Private grants

Private companies and foundations also offer grants to help HOAs pay for expenses. The Pacific West Association of Realtors’ PWR Charity Foundation in California used to provide grants of up to $3,000 to help first-time buyers pay HOA dues. Quadrant Homes, a real-estate development company in Washington, also provided $2,000 to HOAs to assist them with community improvement goals.

  

Applying for grants

Some HOAs don’t know that they can apply for grants. Others are aware, but are intimidated by the application process. Writing effective grant proposals takes time and patience. An application isn’t something that can be completed in an hour or two. Moreover, there are conditions and rules that applicants must follow in order to receive the grant. While the payoff can be worth it, it’s important to enter the process with realistic expectations.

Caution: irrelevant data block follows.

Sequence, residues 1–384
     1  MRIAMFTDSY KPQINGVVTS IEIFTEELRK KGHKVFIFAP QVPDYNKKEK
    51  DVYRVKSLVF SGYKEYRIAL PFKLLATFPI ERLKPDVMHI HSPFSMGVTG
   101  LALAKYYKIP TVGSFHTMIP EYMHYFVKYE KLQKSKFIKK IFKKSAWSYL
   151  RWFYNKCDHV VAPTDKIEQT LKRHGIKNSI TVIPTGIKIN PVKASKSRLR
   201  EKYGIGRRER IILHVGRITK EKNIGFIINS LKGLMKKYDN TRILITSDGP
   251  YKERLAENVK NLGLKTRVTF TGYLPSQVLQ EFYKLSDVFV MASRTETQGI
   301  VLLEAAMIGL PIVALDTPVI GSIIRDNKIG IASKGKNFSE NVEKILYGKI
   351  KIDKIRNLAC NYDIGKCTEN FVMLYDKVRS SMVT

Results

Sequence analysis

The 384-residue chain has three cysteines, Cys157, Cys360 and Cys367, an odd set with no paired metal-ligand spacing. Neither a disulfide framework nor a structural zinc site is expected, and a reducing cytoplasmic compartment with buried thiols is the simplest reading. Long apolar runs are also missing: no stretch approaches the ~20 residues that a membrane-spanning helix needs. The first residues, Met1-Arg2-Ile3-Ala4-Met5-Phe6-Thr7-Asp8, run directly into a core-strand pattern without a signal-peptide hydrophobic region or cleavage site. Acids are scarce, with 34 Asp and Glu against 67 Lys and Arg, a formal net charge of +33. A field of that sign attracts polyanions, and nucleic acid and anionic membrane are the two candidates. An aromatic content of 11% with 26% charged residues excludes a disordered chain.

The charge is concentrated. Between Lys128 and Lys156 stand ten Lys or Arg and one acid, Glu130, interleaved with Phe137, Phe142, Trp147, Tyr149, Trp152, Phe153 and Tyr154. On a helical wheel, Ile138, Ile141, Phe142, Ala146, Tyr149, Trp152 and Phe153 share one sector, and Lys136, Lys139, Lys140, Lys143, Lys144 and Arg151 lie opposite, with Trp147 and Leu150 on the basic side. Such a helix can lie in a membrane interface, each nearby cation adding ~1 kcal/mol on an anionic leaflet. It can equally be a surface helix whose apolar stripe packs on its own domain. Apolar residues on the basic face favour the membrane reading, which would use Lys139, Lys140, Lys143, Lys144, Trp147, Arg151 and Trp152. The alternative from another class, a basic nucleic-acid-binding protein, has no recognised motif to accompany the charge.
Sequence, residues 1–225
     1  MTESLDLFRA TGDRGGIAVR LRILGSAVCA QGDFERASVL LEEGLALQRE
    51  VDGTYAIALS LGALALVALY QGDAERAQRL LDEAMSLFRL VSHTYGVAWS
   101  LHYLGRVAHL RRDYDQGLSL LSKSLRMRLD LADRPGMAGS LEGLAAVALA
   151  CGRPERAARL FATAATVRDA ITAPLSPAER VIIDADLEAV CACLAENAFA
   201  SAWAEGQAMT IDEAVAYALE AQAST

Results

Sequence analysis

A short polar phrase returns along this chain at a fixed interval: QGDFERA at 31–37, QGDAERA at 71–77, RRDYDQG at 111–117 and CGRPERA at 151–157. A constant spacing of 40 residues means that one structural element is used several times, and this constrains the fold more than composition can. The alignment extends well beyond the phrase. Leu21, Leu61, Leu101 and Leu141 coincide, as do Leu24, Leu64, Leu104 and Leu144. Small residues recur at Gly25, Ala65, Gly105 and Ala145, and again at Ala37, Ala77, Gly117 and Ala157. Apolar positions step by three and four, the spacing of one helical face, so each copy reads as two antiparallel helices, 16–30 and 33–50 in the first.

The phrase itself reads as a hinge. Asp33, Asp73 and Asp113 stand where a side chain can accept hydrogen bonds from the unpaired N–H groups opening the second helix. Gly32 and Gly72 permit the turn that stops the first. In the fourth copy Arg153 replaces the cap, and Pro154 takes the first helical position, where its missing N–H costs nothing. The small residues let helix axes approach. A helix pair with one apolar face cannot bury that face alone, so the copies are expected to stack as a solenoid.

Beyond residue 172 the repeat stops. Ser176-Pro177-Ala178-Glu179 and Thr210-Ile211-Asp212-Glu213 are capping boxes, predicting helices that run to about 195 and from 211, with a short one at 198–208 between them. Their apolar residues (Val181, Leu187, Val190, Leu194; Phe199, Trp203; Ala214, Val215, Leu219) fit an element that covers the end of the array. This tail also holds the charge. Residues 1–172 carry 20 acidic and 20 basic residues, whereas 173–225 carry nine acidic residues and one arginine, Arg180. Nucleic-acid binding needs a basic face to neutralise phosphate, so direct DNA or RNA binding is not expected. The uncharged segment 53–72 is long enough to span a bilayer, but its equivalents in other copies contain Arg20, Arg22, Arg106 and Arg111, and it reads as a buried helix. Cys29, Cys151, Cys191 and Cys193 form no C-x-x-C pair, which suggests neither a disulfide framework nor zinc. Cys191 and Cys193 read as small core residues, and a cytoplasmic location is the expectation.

This free template can give you a clearer idea of what your application should look like, but associations are encouraged to choose their grants wisely. Your association’s needs and qualifications must clearly align with the grant’s criteria, and you must be able to explain in detail why your community deserves the grant. 

  

Assess the HOA’s eligibility

The first step is to read through the eligibility guidelines presented by the grantor. If there is anything that disqualifies the association, then move on to the next option. The grantor won’t make an exception for you if the association is in some way ineligible to receive the money. Make sure to read the request for proposal thoroughly to make sure your HOA checks all of the boxes.

  

Prioritize grants